Wales Rugby League are pleased to confirm their coaching and backroom staff for the forthcoming Wheelchair Rugby League World Cup.
Stephen Jones remains as head coach. With 25 games in charge of Wales so far, that’s over half of the side’s history, Stephen has coached Wales to five Celtic Cup trophy wins. Initially a rugby union player when serving in the RAF, Jones started in rugby league as chairman and coach of community side Wrexham Bradley Raiders in 2010. He started playing Wheelchair Rugby League in 2013 for North Wales Crusaders and is the only player to have played in games number 1, 10, 25, 50, 75 and 100 for the team. In 2014, he was appointed assistant coach of both Crusaders and Wales and was elevated to head coach of both within three years. In 2020, he won the first UK Wheelchair Rugby League Coach of the Year Award after leading Crusaders to a creditable third in the Wheelchair Super League.
Mark Andrew Jones, known to many as MAJ, remains as team manager, a role he’s held with both North Wales Crusaders and Wales since their inception. His dedication and commitment won the Volunteer of the Year award at the 2018 Wrexham Sports Awards. A keen supporter of rugby league in general, Mark also volunteers for Crusaders’ first-team and travels around the world watching Wales’ senior international team, reporting for Forty20 Magazine on the Papua New Guinea v Wales World Cup match in Port Moresby in 2017.
Gary Taylor is the new assistant coach. Living in Wales since 1970, his sporting background was in football, playing for a number of local teams before completing his UEFA coaching and playing licenses and officiating on some high profile European games. After an above knee amputee, he was first introduced to Wheelchair RL after watching a news report about North Wales Crusaders in 2014. He has since been one of the main driving forces in the North Wales Crusaders Wheelchair RL schools programme which has seen him help deliver the sport to local North Wales schools. He won 28 caps for Wales from 2015-21, scoring three tries and nine goals.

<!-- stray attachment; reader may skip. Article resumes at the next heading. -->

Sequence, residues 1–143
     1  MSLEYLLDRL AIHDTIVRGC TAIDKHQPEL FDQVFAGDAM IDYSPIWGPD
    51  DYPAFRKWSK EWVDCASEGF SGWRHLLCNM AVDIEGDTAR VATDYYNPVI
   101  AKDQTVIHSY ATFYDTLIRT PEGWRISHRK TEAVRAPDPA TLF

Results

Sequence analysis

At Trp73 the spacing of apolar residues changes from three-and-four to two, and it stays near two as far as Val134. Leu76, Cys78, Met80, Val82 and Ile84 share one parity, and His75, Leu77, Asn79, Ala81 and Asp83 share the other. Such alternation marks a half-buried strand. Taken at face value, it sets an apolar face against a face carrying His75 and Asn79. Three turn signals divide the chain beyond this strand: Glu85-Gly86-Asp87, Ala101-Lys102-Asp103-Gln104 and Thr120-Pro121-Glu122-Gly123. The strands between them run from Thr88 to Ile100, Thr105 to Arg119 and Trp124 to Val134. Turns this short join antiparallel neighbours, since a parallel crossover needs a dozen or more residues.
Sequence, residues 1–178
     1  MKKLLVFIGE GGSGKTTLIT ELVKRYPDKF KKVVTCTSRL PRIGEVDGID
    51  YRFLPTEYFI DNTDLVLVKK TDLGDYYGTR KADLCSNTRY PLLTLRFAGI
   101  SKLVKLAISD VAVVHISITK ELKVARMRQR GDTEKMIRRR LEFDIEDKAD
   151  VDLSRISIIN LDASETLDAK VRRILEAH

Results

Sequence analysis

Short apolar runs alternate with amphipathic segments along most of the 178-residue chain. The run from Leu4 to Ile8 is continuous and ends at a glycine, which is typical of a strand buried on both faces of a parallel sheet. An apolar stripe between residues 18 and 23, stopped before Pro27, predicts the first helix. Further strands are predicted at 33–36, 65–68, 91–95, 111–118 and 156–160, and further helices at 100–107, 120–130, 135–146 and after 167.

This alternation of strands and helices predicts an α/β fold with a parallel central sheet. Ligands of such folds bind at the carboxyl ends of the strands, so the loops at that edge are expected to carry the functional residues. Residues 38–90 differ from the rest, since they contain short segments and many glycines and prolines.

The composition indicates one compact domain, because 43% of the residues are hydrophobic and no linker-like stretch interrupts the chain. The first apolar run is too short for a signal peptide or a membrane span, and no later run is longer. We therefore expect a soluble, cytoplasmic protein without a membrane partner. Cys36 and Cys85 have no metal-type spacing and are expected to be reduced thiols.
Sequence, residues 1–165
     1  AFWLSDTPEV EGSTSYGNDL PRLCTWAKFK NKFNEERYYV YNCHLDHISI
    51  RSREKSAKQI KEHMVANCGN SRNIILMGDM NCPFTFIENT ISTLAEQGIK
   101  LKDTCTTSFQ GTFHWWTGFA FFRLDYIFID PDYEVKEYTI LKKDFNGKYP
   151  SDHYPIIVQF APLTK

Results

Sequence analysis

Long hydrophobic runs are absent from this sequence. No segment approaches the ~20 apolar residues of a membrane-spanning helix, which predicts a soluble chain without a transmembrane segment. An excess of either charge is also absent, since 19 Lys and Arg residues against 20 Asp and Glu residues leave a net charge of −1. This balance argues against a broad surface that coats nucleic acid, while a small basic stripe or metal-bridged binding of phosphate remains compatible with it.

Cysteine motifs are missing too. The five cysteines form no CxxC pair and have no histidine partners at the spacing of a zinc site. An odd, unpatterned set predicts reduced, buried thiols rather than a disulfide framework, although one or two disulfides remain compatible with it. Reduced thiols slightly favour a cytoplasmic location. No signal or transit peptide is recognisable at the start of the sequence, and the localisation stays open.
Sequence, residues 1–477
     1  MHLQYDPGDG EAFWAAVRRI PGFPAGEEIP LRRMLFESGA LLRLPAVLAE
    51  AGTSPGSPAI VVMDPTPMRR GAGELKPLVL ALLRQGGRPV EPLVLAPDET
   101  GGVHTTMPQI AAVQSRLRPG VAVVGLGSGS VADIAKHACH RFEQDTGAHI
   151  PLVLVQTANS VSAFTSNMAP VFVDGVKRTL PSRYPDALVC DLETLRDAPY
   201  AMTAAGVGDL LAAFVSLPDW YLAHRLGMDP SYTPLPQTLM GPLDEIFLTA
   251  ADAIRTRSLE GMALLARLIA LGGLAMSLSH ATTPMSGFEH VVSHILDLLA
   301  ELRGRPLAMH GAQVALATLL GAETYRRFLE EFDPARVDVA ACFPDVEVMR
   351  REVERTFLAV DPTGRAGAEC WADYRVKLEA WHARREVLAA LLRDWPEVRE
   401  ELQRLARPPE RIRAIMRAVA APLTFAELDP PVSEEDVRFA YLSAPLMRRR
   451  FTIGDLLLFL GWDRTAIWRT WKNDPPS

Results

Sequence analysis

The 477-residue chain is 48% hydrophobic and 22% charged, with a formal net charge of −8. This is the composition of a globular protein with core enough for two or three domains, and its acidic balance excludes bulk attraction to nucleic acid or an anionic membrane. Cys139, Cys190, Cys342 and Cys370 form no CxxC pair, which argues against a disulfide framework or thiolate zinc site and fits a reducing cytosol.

Dr Richard Porter has been appointed as Team Doctor for both Wales and France at the Wheelchair World Cup. He works as a registrar in rheumatology and acute medicine. He’s also an independent match day doctor for Premiership Rugby. Out of medicine, he’s interested in Endurance sports including cycling and triathlon (anything with mountains), crossfit, food and cooking – mainly European and Asian.
Sarah De Mello is the new Wales physiotherapist. She has worked with Leeds Rhinos since 2020 across the women, scholarship and academy teams. She currently works with the academy/reserves team and assists within the first team. She also works within a sports physiotherapy private practice in Leeds. She has also worked in Netball and provided session cover for the England women and Academy programmes. Outside of work, she enjoys keeping fit. She plays netball and has started getting into yoga. She is interested in learning about different sports and how practitioners work.
Ian Golden, normally the media manager for all of Wales Rugby League, will be the Wheelchair side’s media manager for the tournament, taking up the position from the Australia friendly on October 29. With over 30 years’ experience as a sportswriter, he first wrote about Welsh rugby league in 2002 with local club Cardiff Demons before being asked to “fill in” for the then media manager Swansea-based Gareth Jones a year later. Apart from having a year out between 2012-13, he has performed this role ever since. Ian also worked as media manager for Celtic Crusaders and South Wales Scorpions during those clubs’ existence. Co-director of sports data company, Sporting Records Online Ltd, he also reports of Welsh international football, was a founding member of England cricket’s “Barmy Army” in 1994 and has published both a book and charity magazine about rugby league in Wales.
Photographing every game will be Ian Lovell. Starting off by photographing the local game in South Wales, primarily for Cardiff Demons, Ian first took charge of the men’s national side’s photography in 2004. Since then, he has photographed Wales all round Europe and the World, travelling to places like Serbia in 2009, France many times, Ireland, Scotland, England, the World Cup in Australia in 2017, before covering every game in the RLWC2021 qualifiers. He continues in the club and community game, having been Celtic Crusaders’ official photographer for four years and South Wales Scorpions’ for seven. He has photographed the Welsh national side at every level and every Welsh Grand Final between 2004 and 2019.
Finally, Steve Jones (not to be confused with the head coach), is the sports chaplain for Wales Wheelchair at the Rugby League World Cup. He has made available through the UK national charity Sports Chaplaincy UK. Steve is a passionate Welshman and rugby league fan who lives in Neath, where in the past he served as volunteer sports chaplain to South Wales Scorpions when they played at The Gnoll. In the past, he has also served as a sports chaplain at RLWC 2013, RWC 2011, Wheelchair RWC 2015, London Paralympics 2012 and at the Wheelchair Basketball World Championships 2018. As one of the Wheelchair Rugby League World Cup chaplains, he will be on site at all locations. His role is to be available to provide any pastoral, welfare, emergency, spiritual and practical help and support that players and their families may need during the World Cup.
Wales take on Ireland in a warm-up match this Saturday at Calderdale College in Halifax. Kick-off is 2pm and entry is free of charge.